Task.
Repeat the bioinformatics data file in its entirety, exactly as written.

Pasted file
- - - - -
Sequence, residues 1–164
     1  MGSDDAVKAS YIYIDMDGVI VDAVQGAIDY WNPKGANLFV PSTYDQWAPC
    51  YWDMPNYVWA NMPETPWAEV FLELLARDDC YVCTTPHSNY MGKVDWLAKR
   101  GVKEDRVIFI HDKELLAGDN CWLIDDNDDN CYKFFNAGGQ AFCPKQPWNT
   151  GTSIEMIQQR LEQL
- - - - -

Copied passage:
Sequence, residues 1–164
     1  MGSDDAVKAS YIYIDMDGVI VDAVQGAIDY WNPKGANLFV PSTYDQWAPC
    51  YWDMPNYVWA NMPETPWAEV FLELLARDDC YVCTTPHSNY MGKVDWLAKR
   101  GVKEDRVIFI HDKELLAGDN CWLIDDNDDN CYKFFNAGGQ AFCPKQPWNT
   151  GTSIEMIQQR LEQL